Macomb County prosecutor introduces process for reviewing nursing home COVID-19 deaths

Macomb County Prosecutor Pete Lucido said a new form will allow county residents to provide information to law enforcement officers about seniors who died in nursing homes during the COVID-19 pandemic.

This information would be used to begin investigations into the state policies implemented last year, Lucido said. Law enforcement officers would then report which actions, if any, they believe should be taken.

Michigan's nursing home policy last year, which was ordered by Gov. Gretchen Whitmer, transformed the care facilities into coronavirus hubs where the state would move patients infected with the virus to.

Lucido said he has been asked by numerous families about what can be done about seniors who died in nursing homes, possibly as a result of that policy

The policy, which Whitmer said came from CDC guidance last year, drew swift bipartisan criticism for potentially endangering elderly residents by exposing them to already-infected individuals.

RELATED: State Republicans want Whitmer investigated for senior facility restrictions, COVID-19 deaths

Lucido said the investigations could result in various charges or no charges.

"Families who have lost loved ones deserve to know the truth," he said. 

Macomb County Prosecutor Pete Lucido announces plans to investigate cases where seniors died in nursing homes during the COVID-19 pandemic on March 11, 2021.

The county prosecutor has indicated an interest in building a criminal case against the governor over the move and if anyone died as a result.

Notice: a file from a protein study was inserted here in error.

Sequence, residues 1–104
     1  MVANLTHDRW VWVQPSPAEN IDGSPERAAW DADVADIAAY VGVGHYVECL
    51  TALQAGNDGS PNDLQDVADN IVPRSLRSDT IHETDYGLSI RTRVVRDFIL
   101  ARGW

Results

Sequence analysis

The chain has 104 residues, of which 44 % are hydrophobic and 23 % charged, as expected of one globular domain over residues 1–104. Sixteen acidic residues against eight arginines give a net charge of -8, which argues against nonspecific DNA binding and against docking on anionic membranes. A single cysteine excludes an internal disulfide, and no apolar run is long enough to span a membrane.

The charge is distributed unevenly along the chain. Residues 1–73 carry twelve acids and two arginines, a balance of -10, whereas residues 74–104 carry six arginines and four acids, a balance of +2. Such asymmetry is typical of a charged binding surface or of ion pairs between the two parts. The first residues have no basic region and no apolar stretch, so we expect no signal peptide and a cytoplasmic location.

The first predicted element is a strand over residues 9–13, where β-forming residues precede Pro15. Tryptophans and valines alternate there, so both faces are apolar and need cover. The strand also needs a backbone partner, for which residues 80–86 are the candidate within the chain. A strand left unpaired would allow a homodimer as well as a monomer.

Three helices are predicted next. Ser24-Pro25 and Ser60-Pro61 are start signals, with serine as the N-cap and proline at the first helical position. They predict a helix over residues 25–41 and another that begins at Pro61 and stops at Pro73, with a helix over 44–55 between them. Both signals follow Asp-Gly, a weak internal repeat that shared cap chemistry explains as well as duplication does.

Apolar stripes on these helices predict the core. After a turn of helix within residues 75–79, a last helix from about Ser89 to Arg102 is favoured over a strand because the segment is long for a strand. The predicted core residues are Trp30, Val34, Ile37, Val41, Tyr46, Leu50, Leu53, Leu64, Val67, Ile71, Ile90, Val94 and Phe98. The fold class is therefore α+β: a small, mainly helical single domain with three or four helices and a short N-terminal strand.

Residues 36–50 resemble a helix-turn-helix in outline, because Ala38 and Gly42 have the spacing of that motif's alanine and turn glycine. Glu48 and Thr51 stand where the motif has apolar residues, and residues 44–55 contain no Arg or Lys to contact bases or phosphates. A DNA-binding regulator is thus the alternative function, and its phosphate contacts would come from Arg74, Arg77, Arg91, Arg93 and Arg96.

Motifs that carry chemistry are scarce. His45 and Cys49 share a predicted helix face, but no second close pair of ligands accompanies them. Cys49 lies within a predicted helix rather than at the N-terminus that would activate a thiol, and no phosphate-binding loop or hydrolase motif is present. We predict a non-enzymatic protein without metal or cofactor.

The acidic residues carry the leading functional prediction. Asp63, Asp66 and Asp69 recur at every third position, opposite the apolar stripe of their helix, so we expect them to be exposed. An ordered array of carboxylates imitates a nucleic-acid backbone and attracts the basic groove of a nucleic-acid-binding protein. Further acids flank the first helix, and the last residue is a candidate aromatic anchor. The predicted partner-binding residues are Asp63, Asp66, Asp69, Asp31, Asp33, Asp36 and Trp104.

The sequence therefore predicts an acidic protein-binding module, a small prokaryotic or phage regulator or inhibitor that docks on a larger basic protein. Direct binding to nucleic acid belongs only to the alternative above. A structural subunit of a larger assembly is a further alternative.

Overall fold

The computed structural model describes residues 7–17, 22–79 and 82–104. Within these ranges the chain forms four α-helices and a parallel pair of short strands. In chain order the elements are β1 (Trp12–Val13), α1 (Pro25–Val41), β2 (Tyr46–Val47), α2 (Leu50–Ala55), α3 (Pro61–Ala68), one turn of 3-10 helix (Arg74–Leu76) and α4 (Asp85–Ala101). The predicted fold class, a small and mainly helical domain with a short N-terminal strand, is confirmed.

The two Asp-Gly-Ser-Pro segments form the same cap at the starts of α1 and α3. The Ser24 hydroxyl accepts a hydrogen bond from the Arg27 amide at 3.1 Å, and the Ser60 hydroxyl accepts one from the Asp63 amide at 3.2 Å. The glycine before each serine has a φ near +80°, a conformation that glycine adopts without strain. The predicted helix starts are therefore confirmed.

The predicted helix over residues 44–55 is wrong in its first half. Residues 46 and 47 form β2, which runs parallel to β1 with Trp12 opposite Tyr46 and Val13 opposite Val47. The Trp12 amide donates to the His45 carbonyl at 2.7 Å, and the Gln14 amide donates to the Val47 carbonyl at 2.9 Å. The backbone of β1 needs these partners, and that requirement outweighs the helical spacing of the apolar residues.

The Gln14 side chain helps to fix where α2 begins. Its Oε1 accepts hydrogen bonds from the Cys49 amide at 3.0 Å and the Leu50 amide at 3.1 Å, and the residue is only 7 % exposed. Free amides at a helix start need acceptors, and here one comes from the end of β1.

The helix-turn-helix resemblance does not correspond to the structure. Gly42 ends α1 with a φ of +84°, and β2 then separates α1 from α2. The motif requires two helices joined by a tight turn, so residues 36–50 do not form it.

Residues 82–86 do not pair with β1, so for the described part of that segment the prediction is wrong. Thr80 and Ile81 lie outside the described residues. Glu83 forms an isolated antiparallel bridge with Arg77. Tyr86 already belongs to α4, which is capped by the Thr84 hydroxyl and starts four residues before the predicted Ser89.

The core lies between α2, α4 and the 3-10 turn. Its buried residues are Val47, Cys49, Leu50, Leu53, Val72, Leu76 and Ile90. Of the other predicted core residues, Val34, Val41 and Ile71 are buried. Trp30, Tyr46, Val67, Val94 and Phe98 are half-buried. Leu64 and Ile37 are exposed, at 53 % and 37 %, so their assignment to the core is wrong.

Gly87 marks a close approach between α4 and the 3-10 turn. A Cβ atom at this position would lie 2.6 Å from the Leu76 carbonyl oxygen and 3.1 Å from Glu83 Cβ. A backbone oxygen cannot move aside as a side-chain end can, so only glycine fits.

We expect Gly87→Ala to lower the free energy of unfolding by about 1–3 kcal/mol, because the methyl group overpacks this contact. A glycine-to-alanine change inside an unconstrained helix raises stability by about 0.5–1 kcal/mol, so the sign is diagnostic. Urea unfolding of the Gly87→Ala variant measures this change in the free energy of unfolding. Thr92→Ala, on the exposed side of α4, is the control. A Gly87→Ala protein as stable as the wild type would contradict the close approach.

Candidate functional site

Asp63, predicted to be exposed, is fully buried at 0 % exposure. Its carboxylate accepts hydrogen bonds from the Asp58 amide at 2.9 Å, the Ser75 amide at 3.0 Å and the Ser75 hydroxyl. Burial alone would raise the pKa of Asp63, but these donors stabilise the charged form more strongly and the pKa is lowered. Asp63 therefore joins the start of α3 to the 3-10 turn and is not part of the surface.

Nursing homes were some of the deadliest places for COVID-19 infections during the onset of the pandemic, killing tens of thousands of elderly patients unable to fight off the virus. 

High profile stories out of New York state have landed its own governor in hot water as well after evidence showed the administration had lied about how many deaths occurred in nursing homes.

Whitmer's office has chastized the language used by Lucido, calling them "shameful political attacks." 

Lucido also said he had been in discussions with the county's medical examiner and the health department about Michigan law, which gives him grounds for establishing a review board for elderly and adult deaths.

Whitmer's office released the following statement regarding the issue:

"Our top priority from the start has been protecting Michiganders, especially seniors and our most vulnerable. The administration’s policies carefully tracked CDC guidance on nursing homes, and we prioritized testing of nursing home residents and staff to save lives. Early in the pandemic, the state acted swiftly to create a network of regional hubs with isolation units and adequate PPE to prevent the spread of COVID-19 within a facility. In addition, we have offered 100 percent of nursing home resident priority access to the vaccine. Both the former head of AARP, as well as an independent U-M study, praised our work to save lives in nursing homes.

"Mr. Lucido’s comments are shameful political attacks based in neither fact nor reality. Even his former colleague, Republican Sen. Ed McBroom, has said they 'have not seen any evidence or testimony that says that a nursing home was forced to take someone against their will.' And there’s a reason why Mr. Lucido’s colleagues have publicly rebuked this politically-motivated waste of taxpayer dollars. Michiganders are tired of these petty partisan games, and we won’t be distracted by them either."

The form for reporting deaths to law enforcement can be found here.